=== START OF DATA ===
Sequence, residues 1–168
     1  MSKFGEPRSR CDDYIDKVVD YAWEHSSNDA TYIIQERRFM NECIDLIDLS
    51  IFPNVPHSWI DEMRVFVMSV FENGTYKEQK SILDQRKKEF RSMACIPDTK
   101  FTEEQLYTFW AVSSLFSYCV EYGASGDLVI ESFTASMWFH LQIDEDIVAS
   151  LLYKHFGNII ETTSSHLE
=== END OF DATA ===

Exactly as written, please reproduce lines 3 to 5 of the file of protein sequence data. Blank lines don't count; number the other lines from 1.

    51  IFPNVPHSWI DEMRVFVMSV FENGTYKEQK SILDQRKKEF RSMACIPDTK
   101  FTEEQLYTFW AVSSLFSYCV EYGASGDLVI ESFTASMWFH LQIDEDIVAS
   151  LLYKHFGNII ETTSSHLE